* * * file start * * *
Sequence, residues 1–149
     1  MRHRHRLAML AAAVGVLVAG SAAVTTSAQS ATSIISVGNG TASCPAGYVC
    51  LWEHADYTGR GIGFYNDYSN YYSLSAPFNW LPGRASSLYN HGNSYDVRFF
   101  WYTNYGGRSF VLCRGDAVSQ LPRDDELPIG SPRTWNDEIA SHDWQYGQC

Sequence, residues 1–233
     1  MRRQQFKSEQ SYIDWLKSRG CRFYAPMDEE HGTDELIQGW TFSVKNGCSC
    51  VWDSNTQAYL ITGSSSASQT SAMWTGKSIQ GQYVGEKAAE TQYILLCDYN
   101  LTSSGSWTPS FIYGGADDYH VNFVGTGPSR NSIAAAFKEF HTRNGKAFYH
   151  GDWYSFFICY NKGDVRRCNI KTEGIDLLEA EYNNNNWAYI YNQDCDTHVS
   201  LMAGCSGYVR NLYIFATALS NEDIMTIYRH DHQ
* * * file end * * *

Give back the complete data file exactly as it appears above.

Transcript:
Sequence, residues 1–149
     1  MRHRHRLAML AAAVGVLVAG SAAVTTSAQS ATSIISVGNG TASCPAGYVC
    51  LWEHADYTGR GIGFYNDYSN YYSLSAPFNW LPGRASSLYN HGNSYDVRFF
   101  WYTNYGGRSF VLCRGDAVSQ LPRDDELPIG SPRTWNDEIA SHDWQYGQC

Sequence, residues 1–233
     1  MRRQQFKSEQ SYIDWLKSRG CRFYAPMDEE HGTDELIQGW TFSVKNGCSC
    51  VWDSNTQAYL ITGSSSASQT SAMWTGKSIQ GQYVGEKAAE TQYILLCDYN
   101  LTSSGSWTPS FIYGGADDYH VNFVGTGPSR NSIAAAFKEF HTRNGKAFYH
   151  GDWYSFFICY NKGDVRRCNI KTEGIDLLEA EYNNNNWAYI YNQDCDTHVS
   201  LMAGCSGYVR NLYIFATALS NEDIMTIYRH DHQ